Take it from someone who at times is well-versed in what it means to live with crying children: Your life will still go on if you encounter a crying child a restaurant. I promise. Mine has gone on after having liquid dumped down the front of her in public.
You can make it.
5.) You never know if there is a disability involved
We live in an entirely different world than we did thirty or even ten years ago. So much has changed, and we should be more aware than any generation before us of the emotional, physical and developmental handicaps that affect so many people.
The key word there is “should.”
When a child is lashing out, loud or overly playful out in public, we should resign ourselves to accepting that we don’t really ever know the full story. Judging a child by their size and appearance, and ascribing to them behaviors that they “should” be capable of without personally knowing that child or family is incredibly arrogant.
Autism. Aspergers syndrome. These are just a few disorders that can effect the way a child behaves while out in public, and you may never know someone has them just by looking at them.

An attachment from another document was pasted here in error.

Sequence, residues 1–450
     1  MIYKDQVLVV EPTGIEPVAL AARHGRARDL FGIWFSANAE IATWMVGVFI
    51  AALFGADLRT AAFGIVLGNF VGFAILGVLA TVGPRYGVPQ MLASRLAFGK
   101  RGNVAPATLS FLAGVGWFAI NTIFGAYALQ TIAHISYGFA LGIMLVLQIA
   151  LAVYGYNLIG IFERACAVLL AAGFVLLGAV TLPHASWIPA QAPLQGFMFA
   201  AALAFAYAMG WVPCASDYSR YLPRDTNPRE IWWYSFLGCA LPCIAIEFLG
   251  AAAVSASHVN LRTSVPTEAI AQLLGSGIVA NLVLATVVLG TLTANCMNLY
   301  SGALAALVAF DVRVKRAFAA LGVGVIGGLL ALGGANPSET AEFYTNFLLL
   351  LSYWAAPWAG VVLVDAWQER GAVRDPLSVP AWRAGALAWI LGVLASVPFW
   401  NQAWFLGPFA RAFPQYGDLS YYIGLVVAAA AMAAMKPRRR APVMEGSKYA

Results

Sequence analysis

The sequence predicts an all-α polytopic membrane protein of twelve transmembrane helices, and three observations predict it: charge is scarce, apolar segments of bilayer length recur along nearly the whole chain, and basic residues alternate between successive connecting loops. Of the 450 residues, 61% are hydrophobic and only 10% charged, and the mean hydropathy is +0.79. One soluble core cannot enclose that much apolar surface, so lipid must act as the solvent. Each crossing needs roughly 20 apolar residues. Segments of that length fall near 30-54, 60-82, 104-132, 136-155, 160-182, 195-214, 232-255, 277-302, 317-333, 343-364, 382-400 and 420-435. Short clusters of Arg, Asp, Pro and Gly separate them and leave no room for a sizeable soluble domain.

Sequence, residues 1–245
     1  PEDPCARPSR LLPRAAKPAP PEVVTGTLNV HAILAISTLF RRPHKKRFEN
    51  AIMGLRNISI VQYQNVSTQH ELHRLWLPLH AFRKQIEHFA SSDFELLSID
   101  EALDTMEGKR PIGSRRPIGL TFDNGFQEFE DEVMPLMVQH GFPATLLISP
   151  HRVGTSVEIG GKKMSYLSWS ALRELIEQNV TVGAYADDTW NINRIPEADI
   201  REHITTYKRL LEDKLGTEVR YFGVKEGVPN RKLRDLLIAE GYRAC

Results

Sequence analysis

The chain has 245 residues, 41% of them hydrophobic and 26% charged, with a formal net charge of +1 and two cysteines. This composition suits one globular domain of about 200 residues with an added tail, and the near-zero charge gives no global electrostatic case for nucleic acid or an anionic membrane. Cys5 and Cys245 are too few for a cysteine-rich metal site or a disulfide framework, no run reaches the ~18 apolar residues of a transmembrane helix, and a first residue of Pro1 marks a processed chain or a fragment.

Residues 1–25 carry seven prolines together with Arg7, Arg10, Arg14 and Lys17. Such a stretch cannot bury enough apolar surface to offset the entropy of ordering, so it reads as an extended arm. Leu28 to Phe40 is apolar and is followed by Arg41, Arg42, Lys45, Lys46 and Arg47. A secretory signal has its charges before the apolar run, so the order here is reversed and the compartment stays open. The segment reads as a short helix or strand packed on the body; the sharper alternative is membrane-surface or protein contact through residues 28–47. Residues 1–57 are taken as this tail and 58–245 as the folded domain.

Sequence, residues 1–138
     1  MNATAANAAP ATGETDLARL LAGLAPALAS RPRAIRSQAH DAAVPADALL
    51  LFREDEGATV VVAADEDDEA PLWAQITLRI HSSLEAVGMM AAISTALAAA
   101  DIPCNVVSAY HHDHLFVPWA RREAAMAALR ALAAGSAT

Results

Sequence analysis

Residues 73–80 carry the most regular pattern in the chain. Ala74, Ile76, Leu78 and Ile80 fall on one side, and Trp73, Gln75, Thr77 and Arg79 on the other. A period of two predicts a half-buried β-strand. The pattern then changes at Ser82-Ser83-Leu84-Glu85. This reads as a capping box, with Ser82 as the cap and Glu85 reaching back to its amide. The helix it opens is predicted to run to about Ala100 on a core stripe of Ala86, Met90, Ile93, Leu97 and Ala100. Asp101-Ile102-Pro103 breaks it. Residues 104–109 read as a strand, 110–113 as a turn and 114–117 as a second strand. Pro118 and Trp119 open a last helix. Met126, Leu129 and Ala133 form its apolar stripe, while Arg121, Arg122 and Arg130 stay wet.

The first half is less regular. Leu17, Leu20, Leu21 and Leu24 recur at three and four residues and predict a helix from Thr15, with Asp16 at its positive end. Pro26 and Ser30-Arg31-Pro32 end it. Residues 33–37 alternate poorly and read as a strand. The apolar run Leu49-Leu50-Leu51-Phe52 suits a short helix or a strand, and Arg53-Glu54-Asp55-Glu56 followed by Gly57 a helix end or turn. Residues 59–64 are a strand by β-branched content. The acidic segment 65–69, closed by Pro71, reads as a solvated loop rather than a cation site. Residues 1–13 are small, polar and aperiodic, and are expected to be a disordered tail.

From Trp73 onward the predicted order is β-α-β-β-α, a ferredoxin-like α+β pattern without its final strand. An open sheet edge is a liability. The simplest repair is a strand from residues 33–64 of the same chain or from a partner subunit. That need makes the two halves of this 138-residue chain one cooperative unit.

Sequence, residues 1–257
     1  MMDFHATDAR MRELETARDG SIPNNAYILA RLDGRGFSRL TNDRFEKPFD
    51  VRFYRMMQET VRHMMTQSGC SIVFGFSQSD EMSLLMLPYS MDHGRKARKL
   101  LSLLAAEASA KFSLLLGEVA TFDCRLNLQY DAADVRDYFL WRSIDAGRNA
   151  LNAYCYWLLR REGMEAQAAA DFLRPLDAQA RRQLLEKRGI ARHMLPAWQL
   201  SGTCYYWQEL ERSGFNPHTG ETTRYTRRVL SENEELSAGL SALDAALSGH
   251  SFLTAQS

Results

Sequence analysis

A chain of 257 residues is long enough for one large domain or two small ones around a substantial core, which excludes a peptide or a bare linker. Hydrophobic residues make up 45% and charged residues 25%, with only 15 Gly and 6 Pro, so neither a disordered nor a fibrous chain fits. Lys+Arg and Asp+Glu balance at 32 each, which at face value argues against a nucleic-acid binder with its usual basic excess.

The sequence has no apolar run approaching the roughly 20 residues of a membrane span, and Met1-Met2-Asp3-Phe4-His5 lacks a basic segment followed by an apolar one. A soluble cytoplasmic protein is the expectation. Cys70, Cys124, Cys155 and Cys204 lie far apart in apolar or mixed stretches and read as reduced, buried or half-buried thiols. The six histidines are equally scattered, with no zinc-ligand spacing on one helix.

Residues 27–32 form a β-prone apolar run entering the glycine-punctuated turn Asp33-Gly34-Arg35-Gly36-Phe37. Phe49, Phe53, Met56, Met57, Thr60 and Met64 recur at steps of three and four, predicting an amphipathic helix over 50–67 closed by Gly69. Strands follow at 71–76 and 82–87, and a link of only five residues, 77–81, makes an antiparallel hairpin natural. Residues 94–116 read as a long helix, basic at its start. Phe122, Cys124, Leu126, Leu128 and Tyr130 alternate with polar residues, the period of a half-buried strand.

If a child is lashing out or over reacting around you, be the person willing to walk over to the parents to see if you can actually do something to help them. Be the person who teaches their children what it really means to love their neighbors and to never be afraid of or nervous about loving others. Be the friendly smile to exhausted parent or the stressed child in the grocery store check out line.
All we need is love. The Beatles got it. Now we should, too.
6.) Don’t dispense “advice”.
Don’t nitpick. Don’t make snarky comments. Don’t tell a parent how to parent. ESPECIALLY if you are not a parent (I cannot stress this fact enough. If you do not want a Starbucks drink dumped over your head, just don’t do it.)
I know that existing around children can be tricky. Here is my personal motto: if a child in my bubble may potentially hurt themselves or someone else, or destroy something, I calmly quell the issue as best as I can.